If you saw that one word—Theranos—on a blank page, you’d probably need no further explanation why this company, setting itself up as diagnostics 2.0, is a rotten tomato. But, just for self-flagellation, let’s go through the saga, and hope that it serves as a warning for the future.
Elizabeth Holmes was a poster child of this "New Way" that millennials—speaking as a millennial myself—often like to think they exemplify: a young, fierce, turtleneck-wearing businesswoman with a science background, aiming to radically revolutionize the blood-testing industry.
These are laudable aims, and Holmes started off strong. She dropped out of college (like a lot of storied entrepreneurs) to start her company with millions in backing. By 2014 she'd raised around $400 million. That was the year her Fortune story appeared, and she was at the height of her fame. At its peak, the company itself was believed to be worth around $9 billion.
The original idea was to work on drug-delivery patches, but then moved on to fingerprick diagnostics, and Theranos went from selling to biopharma to selling directly to consumers. The tests were designed as a pain-free “solution” that could sift dozens of markers and deliver results to a consumer in a few hours, all at a price cheaper than other suppliers.
On paper at least, it all sounded like a great idea, and that's what garnered the financial and media attention. But then cracks started to appear. Holmes was great at marketing, but she fell short on details about how, exactly, the Theranos tech worked. Specialists suggested it required more scrutiny from outsiders to confirm that it worked as advertised. Questions arose about the company’s use of third-party analyzers, and how much Theranos was actually using its own technology.
It was the Wall Street Journal that really began digging into the company and Holmes, starting a process that led to a hard fall from grace for Theranos and its CEO. The company had a tough 2015 as questions over its practices got louder, but it was last year when quality-control checks turned up questionable results and the whole business began to unravel.
Staff left, partners pulled out of deals, and Holmes was left to mop up the problems, but she still refused to share the secrets of her technology. Federal regulators in fact banned Holmes from owning or operating a medical laboratory for at least two years, and ordered Theranos to stop operating its California lab.
Then, in October of last year, Theranos announced that it would abandon its fingerprick blood tests entirely to focus on its new tabletop blood-testing system—and that it planned to cull around 40% of its staffers in the process.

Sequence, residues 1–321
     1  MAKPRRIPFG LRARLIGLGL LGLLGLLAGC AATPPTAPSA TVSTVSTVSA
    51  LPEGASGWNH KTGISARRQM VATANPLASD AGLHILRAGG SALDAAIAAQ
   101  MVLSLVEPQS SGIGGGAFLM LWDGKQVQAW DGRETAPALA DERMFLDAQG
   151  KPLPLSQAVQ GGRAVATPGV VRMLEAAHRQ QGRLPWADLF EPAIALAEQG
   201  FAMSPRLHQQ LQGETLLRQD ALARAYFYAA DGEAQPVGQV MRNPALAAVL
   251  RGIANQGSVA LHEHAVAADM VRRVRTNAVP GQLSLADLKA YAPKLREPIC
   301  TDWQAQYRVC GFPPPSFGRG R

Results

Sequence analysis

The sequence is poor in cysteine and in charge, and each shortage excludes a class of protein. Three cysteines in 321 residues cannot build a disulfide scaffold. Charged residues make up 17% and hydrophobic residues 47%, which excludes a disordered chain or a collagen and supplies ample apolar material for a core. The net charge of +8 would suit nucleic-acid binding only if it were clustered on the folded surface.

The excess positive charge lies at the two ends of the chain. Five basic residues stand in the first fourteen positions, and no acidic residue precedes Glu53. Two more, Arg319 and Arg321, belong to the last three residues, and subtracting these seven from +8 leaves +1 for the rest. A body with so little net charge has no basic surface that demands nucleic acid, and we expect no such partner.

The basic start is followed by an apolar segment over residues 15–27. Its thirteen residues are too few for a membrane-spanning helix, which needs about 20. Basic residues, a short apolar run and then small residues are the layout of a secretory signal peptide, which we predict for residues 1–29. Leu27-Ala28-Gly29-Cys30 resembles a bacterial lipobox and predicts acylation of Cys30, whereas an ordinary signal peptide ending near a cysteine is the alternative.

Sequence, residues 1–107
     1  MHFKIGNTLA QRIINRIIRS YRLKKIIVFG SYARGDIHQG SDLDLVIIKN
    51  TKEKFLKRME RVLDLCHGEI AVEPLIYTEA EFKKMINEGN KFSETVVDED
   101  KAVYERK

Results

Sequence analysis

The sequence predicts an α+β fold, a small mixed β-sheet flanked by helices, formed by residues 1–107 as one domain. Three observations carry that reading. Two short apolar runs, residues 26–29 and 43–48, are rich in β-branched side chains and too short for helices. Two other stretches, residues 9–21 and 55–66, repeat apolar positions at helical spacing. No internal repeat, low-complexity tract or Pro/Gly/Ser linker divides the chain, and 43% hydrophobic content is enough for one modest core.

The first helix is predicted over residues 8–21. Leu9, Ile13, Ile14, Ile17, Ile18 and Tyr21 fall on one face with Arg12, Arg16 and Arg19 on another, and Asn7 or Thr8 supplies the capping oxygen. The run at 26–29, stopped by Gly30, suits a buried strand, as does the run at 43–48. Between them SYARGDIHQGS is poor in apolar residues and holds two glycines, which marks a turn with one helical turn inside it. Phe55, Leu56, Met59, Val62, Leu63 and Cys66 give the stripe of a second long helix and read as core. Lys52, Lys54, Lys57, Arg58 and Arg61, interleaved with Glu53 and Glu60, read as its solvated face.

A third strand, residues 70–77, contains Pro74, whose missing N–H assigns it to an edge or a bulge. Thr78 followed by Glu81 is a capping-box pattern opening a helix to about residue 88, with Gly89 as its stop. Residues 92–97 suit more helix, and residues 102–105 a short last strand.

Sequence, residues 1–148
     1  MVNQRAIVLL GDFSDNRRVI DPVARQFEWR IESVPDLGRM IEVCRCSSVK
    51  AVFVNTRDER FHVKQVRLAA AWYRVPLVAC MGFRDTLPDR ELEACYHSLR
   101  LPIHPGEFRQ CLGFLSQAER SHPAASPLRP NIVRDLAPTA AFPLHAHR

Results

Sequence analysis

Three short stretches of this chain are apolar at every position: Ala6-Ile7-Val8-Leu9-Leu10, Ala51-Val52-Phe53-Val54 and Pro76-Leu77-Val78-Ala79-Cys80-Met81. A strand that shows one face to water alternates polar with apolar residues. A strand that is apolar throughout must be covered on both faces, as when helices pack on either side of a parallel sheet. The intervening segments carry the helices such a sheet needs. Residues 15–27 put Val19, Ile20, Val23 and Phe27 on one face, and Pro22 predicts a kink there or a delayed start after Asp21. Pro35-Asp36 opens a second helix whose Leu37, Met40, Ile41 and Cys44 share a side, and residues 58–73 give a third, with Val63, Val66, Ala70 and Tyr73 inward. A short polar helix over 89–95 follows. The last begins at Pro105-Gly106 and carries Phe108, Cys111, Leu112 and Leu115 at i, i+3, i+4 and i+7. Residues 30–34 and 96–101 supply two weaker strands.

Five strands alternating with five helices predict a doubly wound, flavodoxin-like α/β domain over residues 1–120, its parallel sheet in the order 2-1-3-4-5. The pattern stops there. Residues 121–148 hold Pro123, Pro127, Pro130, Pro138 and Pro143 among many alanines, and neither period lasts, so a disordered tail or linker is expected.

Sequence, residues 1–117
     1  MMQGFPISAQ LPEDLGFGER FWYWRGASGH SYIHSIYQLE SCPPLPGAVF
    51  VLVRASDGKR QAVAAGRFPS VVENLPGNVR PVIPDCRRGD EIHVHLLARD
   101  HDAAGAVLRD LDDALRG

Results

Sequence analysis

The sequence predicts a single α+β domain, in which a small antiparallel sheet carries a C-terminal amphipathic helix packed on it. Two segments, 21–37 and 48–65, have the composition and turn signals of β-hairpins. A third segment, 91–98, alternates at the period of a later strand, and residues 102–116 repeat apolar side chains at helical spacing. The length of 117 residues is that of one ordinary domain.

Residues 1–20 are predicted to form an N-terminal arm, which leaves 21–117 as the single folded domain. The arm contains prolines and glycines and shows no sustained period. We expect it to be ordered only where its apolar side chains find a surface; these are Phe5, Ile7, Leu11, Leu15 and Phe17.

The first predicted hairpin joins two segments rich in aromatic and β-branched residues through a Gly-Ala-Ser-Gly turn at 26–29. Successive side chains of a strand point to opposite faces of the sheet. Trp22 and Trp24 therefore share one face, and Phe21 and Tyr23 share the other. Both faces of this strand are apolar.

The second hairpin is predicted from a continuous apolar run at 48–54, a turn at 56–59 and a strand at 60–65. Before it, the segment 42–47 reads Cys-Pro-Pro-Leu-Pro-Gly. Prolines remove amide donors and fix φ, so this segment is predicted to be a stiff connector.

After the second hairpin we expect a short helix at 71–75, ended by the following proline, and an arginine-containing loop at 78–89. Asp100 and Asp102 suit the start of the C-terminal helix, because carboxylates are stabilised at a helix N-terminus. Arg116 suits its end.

And there's more. According to recent WSJ articles, an internal Theranos inspection report said staffers had been using its diagnostics incorrectly and had failed to follow procedures when telling patients about the possibility of inaccurate results. The newspaper also reported that Theranos had produced “no material revenue” over the past two years.
One of the Holmes memes that's been making the rounds on LinkedIn for awhile now is this: “The minute you have a back-up plan, you’ve admitted you’re prepared to fail." This is not a philosophy that works particularly well in the scientific field of trial and error, however, and had she applied for a job at NASA with this mantra, she likely would not have been called in for an interview.
You cannot hack science to create something new and cutting-edge without serious research, years if not decades of work, and repeated failures. Slick marketing and magazine profiles—Fortune has since issued a major mea culpa for its Holmes interview in 2014—is not hard work in the lab.
There was a hollowness in this company that could not be filled with cash, endorsements and Steve Jobs-like appearances, and it was found out, although too late. Patients rely on blood tests for their health and sometimes for their lives. Getting this wrong is simply dangerous.
We all want the future now; we all want precise blood tests that can tell us everything about our health within seconds and offer immediate advice on how to treat problems or tweak medications. But if this was such an easy goal, the experienced, billion-dollar diagnostic and blood testing companies, such as Quest and LabCorp, would be doing it already.
Some good has come from the Theranos mess, however: In Arizona, for instance, Theranos pushed hard for new rules to allow self-testing by consumers, and that's allowed other companies, such as Sonora Quest Labs, to help consumers order blood tests on their own for a relatively cheap price. New companies just might spring up in Theranos' place, doing well what it had promised, but as yet failed, to achieve.